NO: I love the “Pay What You Can” model. I remember as a student having to budget for concert tickets. I was thankful that many organizations offered student tickets. After I graduated, though, it became even harder to purchase tickets since I was unemployed and my privileges as a student expired. Some of my friends were also in the same situation. If I had had an opportunity to pay what I could, I wouldn’t have missed out on so much. To answer the question though, each individual person is a part of multiple communities. The decisions we make as artists lead us to form new communities and leave others behind. Being a composer automatically places you in a community with other composers. Being a composer whose primary instrument is the electric guitar places you in a smaller subset of that community, while also placing you within the guitarists’ community. It is not only who we are that defines our communities; it’s also what we do. And ultimately, the more opportunities we take advantage of, the wider our own musical community grows.
CR: That’s such a great perspective, so true. More to yourself as a person, what are some of your hobbies and/or other passions outside of music?
NO: I am always on the lookout for good food! I also love visiting parks, reading, film, and playing with Legos, because, you know, I am a grownup.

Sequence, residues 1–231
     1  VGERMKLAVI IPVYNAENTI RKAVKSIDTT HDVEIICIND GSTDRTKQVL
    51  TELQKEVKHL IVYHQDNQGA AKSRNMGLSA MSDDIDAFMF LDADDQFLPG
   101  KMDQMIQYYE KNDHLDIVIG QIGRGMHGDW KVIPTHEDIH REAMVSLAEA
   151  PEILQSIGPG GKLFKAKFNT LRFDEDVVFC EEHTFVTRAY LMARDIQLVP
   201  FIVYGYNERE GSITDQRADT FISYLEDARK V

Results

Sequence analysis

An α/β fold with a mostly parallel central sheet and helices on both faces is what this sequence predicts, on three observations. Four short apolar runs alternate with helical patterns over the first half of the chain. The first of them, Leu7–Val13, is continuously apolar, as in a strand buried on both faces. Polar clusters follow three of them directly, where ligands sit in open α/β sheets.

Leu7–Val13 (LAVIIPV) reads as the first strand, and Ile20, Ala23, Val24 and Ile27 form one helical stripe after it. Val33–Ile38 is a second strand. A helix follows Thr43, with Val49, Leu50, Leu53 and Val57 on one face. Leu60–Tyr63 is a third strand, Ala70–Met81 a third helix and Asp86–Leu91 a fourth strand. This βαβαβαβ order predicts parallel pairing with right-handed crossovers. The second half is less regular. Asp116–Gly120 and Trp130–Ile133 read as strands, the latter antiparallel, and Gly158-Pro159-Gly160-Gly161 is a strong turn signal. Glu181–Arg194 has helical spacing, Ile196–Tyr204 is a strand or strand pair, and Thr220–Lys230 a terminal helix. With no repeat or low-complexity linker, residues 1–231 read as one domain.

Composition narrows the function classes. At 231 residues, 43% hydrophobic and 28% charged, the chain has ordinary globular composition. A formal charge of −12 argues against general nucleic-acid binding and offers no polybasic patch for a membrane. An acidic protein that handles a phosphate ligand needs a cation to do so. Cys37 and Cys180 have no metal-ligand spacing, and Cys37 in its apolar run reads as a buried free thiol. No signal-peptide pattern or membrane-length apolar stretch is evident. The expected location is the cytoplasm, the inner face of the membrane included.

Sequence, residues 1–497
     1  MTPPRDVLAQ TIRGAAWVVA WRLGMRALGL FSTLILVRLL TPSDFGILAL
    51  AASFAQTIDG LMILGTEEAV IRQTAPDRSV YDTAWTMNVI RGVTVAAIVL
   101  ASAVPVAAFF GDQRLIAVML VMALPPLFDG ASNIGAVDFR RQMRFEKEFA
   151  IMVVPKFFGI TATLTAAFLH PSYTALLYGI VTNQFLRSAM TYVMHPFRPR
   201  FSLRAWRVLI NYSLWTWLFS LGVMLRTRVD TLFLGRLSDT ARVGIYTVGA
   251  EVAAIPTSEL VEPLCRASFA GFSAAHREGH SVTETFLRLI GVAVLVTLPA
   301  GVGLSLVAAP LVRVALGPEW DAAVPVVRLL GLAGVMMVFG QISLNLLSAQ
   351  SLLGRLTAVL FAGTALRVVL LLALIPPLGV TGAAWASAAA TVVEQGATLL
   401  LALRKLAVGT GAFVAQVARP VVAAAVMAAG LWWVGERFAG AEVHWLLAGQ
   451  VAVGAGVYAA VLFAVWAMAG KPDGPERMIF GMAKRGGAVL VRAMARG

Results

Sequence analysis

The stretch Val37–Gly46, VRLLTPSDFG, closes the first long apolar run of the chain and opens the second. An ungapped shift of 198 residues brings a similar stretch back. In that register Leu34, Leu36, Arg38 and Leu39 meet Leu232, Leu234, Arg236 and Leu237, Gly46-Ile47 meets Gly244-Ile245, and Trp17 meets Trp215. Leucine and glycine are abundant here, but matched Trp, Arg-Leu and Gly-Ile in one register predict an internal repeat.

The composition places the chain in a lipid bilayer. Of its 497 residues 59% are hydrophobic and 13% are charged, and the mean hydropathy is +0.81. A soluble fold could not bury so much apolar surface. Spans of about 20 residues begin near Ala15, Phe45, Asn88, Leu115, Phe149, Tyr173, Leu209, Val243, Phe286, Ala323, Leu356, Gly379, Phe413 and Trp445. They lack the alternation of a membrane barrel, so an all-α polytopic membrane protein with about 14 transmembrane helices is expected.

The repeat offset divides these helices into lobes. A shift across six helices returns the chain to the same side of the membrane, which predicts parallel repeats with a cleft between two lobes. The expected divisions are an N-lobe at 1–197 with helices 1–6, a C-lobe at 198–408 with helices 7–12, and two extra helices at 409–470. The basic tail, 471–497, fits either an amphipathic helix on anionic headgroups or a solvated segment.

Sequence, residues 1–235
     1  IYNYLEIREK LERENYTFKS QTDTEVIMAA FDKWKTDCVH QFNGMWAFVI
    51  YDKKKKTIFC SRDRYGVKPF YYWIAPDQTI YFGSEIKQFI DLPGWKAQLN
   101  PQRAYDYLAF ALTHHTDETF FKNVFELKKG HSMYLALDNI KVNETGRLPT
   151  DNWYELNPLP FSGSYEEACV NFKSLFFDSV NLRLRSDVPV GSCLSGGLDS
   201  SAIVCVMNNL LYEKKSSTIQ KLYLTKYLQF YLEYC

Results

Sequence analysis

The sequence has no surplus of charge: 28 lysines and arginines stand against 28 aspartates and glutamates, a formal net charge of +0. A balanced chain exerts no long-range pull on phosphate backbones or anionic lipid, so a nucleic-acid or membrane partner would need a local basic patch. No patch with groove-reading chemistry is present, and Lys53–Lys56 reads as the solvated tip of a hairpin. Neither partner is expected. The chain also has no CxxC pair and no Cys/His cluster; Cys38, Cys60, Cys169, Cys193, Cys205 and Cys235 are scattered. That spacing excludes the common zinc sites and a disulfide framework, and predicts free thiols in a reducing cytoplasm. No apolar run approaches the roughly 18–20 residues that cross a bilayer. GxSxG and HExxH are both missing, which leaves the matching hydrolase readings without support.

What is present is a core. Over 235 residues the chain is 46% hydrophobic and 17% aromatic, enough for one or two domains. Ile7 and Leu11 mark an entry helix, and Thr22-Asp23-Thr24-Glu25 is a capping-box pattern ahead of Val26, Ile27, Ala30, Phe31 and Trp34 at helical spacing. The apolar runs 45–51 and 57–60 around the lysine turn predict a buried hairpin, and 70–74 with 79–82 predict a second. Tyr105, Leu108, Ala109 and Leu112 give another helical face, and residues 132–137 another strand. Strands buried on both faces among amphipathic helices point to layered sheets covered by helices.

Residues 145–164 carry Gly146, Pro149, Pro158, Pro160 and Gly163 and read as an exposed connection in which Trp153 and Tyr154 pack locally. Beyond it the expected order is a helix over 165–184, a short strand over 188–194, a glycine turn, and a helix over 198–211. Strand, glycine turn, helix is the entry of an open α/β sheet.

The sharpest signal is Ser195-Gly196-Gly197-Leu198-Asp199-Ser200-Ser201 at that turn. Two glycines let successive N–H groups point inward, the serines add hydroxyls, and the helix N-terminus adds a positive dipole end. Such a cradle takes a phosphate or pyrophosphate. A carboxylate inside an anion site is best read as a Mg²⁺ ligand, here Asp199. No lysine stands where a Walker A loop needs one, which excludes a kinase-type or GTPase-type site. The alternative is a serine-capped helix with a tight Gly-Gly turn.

CR: *laughter* I relate to that so much. Do you have a favorite quote or mantra?
NO: I just try to live life to the fullest and strive to be the best husband, teacher, and friend that I can be.
CR: Great! Any last final statement you’d like to leave our audience and readers with about you or your upcoming performance of [fuse]?
NO: In the not-too-distant past, I would log into my social media accounts and be overwhelmed with friends and colleagues sharing exciting news about upcoming performances, new recordings, commissions, job announcements, and engaging in meaningful discourse about art, literature, and music. These days my social media accounts remain, for the most part, unopened. In the last few months it’s been hard to get excited about the good things in life, however, when I sit in the concert hall something magical happens. All my concerns disappear and the only thing that matters to me are the sounds emanating from the musicians on stage. It is important that we continue to support great art and that we also recognize, encourage, and support the diversity among individuals making great art.
CR: Well said! Thank you so much, Nick!
NO: Thank you!